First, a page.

Success only happens when you think and act as a team

Tony Tyler

Director General & CEO at International Air Transport Association (IATA)

Away from day job in the airline industry, I am a huge rugby fan. But the Rugby World Cup (RWC) in the United Kingdom has made it clear to me that these two worlds are not so far apart.

The first link is blatantly obvious: if you are a fan, it is far better when you are there. I have been lucky enough to fly into the country to attend a few matches. Of course, for the players, it is absolutely necessary. And air transport is the only practical means to make that happen for the majority in both groups.

The second link derives from that. Like aviation, the RWC is an economic catalyst. During the tournament’s six-week duration, over 460,000 international fans made it to the UK. Ernst and Young estimate a direct spend of GBP870 million and an overall addition of GBP2.2 billion to the UK’s economy. That figure becomes even more impressive when extrapolated to the 3.5 billion travelers expected this year globally.

The third link is that both are team efforts. To win at either, you need a critical combination. For rugby, it’s the mix of forwards and backs. In aviation, it’s a more complicated ecosystem, including airlines, airports, air navigation service providers, manufacturers, and many more. But the basic principle is the same: Success only happens when you think and act as a team.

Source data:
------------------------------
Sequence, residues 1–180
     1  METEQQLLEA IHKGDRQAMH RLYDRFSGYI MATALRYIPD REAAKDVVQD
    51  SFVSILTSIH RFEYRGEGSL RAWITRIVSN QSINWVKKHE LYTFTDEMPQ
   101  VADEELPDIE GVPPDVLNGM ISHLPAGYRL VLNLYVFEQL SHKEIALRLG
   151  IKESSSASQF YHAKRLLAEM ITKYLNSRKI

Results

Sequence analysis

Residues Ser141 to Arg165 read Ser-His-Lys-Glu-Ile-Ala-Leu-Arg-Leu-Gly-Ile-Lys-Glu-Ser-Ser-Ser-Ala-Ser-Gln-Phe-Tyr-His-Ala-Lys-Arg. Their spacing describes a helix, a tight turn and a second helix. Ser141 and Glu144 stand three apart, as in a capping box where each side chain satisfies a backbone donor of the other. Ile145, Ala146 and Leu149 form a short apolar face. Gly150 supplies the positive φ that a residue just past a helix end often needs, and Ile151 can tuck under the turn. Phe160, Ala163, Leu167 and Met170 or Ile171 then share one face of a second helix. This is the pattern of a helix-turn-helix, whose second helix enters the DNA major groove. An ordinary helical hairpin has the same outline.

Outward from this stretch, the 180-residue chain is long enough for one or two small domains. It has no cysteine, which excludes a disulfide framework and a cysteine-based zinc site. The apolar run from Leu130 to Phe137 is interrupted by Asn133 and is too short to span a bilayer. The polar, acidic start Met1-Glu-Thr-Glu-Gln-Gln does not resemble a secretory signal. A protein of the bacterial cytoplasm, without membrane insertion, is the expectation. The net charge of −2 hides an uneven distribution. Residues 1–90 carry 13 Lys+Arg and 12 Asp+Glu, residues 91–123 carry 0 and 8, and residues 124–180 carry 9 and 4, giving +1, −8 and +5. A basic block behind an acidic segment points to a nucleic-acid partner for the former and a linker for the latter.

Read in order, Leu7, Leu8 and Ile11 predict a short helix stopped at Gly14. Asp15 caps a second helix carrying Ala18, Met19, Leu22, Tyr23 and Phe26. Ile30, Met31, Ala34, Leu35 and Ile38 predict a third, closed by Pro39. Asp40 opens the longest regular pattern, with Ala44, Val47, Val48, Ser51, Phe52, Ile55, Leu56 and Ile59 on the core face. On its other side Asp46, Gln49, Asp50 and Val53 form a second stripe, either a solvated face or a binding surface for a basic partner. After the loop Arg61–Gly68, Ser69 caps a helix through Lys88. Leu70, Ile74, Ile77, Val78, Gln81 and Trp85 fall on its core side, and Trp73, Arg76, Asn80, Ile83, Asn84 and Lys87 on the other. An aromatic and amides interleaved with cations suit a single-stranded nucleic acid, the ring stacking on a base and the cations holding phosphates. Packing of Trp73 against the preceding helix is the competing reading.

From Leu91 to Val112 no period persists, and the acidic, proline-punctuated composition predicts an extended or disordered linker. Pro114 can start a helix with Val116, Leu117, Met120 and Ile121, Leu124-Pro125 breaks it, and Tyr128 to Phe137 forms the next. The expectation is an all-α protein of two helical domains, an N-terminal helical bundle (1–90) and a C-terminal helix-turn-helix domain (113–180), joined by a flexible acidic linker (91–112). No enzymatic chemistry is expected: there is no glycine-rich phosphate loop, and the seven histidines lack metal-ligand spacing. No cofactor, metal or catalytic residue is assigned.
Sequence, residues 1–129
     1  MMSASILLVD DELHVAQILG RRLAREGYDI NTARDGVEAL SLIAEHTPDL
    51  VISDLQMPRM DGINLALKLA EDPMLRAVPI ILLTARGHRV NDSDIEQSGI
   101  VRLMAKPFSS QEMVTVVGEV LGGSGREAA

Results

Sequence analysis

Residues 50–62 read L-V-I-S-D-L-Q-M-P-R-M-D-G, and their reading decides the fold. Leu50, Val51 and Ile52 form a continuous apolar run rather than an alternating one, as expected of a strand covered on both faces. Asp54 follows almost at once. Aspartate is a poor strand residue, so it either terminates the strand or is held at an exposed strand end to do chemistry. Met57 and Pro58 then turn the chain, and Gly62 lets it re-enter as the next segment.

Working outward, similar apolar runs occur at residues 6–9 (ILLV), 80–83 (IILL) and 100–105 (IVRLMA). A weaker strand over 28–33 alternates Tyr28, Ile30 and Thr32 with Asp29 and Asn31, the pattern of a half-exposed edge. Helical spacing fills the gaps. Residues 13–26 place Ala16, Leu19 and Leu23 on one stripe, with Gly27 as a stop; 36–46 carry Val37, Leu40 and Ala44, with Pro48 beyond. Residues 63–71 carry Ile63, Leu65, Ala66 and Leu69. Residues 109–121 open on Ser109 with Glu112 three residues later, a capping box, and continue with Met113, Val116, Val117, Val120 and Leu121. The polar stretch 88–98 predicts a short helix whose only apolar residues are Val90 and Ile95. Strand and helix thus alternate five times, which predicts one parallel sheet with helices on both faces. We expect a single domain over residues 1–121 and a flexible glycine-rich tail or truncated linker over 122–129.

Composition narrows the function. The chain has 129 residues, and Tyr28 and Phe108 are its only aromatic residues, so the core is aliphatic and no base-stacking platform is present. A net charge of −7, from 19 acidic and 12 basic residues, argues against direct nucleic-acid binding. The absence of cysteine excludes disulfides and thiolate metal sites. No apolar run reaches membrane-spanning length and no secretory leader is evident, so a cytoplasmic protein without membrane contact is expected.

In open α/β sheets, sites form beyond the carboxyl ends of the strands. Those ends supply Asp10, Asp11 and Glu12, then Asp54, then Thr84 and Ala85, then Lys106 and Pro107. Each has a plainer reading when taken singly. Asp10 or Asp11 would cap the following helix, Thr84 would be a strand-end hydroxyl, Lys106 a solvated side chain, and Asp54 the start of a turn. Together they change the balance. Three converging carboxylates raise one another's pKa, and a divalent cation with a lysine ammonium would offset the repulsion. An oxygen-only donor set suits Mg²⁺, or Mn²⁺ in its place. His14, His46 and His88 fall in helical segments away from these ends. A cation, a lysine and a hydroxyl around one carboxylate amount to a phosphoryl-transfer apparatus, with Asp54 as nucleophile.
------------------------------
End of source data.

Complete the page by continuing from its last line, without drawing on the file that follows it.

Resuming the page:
The recent ATAG Global Sustainable Aviation Summit has rallied the aviation team toward a united approach to managing our environmental impact. Unity across the value chain is a key factor in keeping aviation at the forefront of industries addressing the climate challenge.

Solid cross-industry teamwork sends a powerful signal to governments that aviation is serious about its climate change commitments and eager for them to agree on a global market-based measure at the next ICAO Assembly in 2016.

I’ll close with one final thought on what winning means. As I write today, the World Champions are yet to be determined, but we know for sure that there are many winners.

The 2.3 million RWC ticket holders have had a thrill to remember for a lifetime. Communities across England have become more prosperous—in the short term by visitor spending and in the long term by the cultural enrichment from having hosted the world. And the millions watching from near and far all gained from values that team sports demonstrate in action.

Let’s also take a moment to celebrate the aviation industry’s role in helping to create this very special moment in time and all the streams of value that come with it.

I am an unabashed supporter of rugby and an even bigger proponent for the role of aviation. Each of the 100,000 flights that arrive safely each day make our world more prosperous.

Aviation is an all-too unsung hero: supporting global events, facilitating the exchange of ideas across continents, making it possible to do business in global supply chains, and reuniting families and friends over enormous distances.
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